First be sure to select the appropriate folder, then under File Settings, change the “Image Format” to “JPEG.” Next, adjust the “Color Space” to “sRGB,” and move the “Quality” slider to a value of “70.” Beneath the next dropdown menu (Image Sizing), check “Resize to Fit,” then select “Long Edge” from the dropdown menu.
Below that enter “1080” into the box and select “pixels” from the dropdown list.
In the Resolution section, to the right, enter in a value of “72” and verify that “pixels per inch” is selected. We are almost there! If you’d like to sharpen the image for screens you can do so in the “Output Sharpening” section, but I’d recommend leaving it on standard. Once again, take a quick review to make sure everything looks right then click “Export” on the bottom right of the dialog box.
Watermarking an Image
Lightroom gives you the option of adding a watermark to your image; however you will need to have that set up prior to exporting the image. You can create that by selecting “Edit Watermarks” under Lightroom Classic (to the left of File). Once you have that created, head back to the Export Dialog box and select your custom watermark from the list.
Congrats on editing your first underwater image! It’s important to keep in mind that developing your own style of editing comes with time and practice. When I first started editing my own images years ago, they seemed to look and feel like the majority of underwater images out there—which at the time was fine for me.
Now, after having mastered the basics of editing, I am able to fine-tune my edits to create a look and feel that is very much my own. It is very similar to breaking the rules of photography. To get started you must know the rules before you can break them. Just remember there is no right or wrong edit—it’s all a matter of personal preference.
Adobe Lightroom: Updates
This is the biggest update to LR in 2021 and 2022, and it features some pretty cool tools.
First, if you’re new to masking in general, check out the brief section above! In Lightroom’s most recent updates, we’ve been really impressed by a few tools, mainly, the subject and sky isolation tools.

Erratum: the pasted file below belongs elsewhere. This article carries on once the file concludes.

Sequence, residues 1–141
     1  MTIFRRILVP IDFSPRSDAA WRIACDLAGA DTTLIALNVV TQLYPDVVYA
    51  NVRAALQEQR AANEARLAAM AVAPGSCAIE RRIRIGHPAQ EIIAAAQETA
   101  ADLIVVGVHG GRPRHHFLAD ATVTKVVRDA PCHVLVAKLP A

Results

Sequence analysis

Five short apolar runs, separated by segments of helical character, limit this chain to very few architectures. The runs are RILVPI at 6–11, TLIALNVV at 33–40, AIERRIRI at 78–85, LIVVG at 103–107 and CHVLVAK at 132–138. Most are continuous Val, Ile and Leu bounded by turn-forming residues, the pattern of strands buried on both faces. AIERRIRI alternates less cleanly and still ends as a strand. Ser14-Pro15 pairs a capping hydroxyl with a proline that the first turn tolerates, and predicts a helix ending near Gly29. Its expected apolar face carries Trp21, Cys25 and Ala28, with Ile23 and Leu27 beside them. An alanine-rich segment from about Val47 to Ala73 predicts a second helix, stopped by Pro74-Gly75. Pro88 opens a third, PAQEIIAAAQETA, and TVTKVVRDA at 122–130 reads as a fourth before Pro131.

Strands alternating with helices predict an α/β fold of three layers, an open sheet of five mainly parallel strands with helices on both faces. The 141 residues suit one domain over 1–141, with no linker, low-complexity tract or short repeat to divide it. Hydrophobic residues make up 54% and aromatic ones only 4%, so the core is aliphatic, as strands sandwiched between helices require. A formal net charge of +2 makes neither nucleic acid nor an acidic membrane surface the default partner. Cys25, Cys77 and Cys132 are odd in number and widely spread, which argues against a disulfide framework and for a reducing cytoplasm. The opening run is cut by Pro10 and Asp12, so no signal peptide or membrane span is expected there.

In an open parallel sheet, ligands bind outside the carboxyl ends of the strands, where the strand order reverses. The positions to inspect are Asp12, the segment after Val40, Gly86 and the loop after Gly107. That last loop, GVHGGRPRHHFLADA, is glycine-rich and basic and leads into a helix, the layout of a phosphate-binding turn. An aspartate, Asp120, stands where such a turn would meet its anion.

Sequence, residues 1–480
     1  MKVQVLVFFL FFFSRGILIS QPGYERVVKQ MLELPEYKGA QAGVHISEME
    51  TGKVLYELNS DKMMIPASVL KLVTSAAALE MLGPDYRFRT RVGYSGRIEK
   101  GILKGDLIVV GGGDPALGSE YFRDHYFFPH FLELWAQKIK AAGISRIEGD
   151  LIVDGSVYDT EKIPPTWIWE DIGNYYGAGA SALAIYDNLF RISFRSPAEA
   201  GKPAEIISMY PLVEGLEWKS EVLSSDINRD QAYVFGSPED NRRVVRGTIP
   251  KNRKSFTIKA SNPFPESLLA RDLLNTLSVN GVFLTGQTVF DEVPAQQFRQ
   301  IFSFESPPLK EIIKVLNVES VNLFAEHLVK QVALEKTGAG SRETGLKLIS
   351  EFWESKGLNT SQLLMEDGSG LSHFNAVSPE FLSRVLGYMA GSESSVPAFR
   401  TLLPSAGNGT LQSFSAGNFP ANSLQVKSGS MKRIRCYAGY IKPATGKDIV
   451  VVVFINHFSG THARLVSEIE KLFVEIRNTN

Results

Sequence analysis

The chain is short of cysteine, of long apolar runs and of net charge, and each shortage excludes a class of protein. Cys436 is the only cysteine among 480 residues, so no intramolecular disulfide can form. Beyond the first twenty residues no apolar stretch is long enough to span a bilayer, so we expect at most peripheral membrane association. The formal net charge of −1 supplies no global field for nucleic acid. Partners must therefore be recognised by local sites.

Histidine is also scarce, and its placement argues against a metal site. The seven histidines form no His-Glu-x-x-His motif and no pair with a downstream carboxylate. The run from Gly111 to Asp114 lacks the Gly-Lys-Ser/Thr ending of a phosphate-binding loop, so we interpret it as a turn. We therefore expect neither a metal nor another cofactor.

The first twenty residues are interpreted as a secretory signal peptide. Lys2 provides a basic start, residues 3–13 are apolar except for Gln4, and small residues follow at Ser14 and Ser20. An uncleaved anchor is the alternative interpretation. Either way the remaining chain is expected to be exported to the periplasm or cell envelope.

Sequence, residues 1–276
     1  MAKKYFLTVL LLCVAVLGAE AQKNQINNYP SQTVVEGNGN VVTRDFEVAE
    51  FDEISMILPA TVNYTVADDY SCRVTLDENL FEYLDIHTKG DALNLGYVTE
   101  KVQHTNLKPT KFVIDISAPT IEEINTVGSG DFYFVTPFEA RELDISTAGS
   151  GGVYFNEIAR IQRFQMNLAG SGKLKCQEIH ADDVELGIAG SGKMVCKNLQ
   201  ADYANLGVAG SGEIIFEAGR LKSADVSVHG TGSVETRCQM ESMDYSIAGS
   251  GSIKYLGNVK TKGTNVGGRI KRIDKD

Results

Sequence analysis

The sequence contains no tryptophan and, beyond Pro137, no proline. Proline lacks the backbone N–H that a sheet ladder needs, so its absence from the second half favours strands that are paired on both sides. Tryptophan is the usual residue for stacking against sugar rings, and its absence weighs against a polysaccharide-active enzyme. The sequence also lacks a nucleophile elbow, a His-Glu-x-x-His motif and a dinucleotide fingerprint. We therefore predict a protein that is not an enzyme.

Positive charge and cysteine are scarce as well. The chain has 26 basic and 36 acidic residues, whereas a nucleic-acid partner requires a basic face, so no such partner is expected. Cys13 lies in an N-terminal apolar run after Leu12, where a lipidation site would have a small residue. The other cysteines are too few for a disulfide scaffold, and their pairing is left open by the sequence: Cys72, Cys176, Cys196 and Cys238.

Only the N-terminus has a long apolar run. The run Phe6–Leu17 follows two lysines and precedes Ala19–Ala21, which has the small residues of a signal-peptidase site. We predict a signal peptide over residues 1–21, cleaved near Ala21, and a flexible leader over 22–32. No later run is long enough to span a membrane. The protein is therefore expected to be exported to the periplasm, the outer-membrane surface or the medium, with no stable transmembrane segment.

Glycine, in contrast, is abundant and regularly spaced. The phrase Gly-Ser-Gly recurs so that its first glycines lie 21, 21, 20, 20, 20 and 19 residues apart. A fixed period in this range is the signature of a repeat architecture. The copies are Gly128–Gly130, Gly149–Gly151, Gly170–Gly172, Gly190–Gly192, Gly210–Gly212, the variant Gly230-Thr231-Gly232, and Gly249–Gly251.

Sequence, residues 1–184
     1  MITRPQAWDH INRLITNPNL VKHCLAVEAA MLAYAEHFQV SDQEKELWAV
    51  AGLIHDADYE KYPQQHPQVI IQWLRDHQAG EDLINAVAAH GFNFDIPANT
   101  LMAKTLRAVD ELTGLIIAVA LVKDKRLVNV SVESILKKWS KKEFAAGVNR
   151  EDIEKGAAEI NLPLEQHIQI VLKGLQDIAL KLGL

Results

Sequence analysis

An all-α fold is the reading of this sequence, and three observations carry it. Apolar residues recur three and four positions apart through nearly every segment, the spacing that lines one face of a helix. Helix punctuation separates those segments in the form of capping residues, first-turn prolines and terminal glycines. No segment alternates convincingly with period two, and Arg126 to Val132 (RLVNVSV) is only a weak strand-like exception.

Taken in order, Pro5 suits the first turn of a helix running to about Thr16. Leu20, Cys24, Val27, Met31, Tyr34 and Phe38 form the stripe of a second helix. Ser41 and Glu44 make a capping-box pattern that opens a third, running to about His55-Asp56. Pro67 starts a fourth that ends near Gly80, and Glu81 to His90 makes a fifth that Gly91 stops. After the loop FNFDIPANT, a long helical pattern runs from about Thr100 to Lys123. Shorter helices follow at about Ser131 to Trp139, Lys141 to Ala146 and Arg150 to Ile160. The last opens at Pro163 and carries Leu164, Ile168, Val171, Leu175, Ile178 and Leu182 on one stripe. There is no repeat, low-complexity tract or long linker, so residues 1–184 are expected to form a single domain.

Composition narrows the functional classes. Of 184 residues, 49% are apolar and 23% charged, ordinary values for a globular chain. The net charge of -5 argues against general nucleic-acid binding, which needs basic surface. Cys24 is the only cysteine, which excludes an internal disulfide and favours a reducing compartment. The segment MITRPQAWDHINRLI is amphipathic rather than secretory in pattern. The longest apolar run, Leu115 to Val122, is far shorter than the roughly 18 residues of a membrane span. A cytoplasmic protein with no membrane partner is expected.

These actually work. Like, a lot of the time! These are tools that allow you to select, as the name implies, either a subject of your image, or the sky. In underwater photography, we don’t often have sky, but it works pretty well with blue water backgrounds behind a reef, for example. In split shots, it seems to work pretty well also.
The subject detection mask is also pretty neat, although not perfect for underwater photography. Check out the example from the same image, when, instead of using the sky mask, I select the subject mask (and note that it does this automatically – you don’t tell it what the subject is, it just identifies what it thinks is the subject):
What you’re seeing here is that, without telling LR anything, it thought that the jellyfish was my main subject. That is cool! It also picked up a bit of the highlight to the left of the jelly, so it’s definitely not perfect – but it’s a lot faster to unselect that small amount that mask the whole thing by hand. You may also notice that the layout of this panel is quite different from before:
This might not seem like much, but if you were using these tools you know how big of a change this really is. Organizing your masks all in a column in this way is a great feature, as is the new dropdown menus for selecting different masks. We can’t wait for what comes next!